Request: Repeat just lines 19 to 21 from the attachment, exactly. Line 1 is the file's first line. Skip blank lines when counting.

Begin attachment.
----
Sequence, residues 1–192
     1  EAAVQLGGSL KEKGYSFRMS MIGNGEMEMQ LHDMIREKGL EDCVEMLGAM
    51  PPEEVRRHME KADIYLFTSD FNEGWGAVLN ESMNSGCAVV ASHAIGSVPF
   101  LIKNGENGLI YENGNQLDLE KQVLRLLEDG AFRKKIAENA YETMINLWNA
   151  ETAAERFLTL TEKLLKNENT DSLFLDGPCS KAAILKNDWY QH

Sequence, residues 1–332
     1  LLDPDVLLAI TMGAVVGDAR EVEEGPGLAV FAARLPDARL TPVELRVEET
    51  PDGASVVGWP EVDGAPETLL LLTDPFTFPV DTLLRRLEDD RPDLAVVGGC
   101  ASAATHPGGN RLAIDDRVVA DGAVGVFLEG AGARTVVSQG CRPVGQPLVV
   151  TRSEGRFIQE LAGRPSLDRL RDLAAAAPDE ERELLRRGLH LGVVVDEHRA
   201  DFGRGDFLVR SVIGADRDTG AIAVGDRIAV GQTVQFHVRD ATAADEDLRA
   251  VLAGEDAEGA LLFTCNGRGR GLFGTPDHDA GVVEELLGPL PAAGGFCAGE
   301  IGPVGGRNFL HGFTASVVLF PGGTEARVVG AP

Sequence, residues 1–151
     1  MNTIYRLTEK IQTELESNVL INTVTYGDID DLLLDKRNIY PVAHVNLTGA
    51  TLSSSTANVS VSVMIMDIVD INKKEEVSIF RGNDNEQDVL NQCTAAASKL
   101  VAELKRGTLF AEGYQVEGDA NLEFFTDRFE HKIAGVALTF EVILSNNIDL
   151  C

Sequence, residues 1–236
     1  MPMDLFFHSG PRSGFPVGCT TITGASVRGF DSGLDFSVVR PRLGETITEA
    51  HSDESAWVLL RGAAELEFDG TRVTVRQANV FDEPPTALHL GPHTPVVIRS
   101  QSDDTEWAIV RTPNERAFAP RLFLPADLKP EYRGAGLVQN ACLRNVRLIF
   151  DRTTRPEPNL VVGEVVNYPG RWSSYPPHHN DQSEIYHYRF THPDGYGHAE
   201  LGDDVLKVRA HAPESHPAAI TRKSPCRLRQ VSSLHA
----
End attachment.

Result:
Sequence, residues 1–236
     1  MPMDLFFHSG PRSGFPVGCT TITGASVRGF DSGLDFSVVR PRLGETITEA
    51  HSDESAWVLL RGAAELEFDG TRVTVRQANV FDEPPTALHL GPHTPVVIRS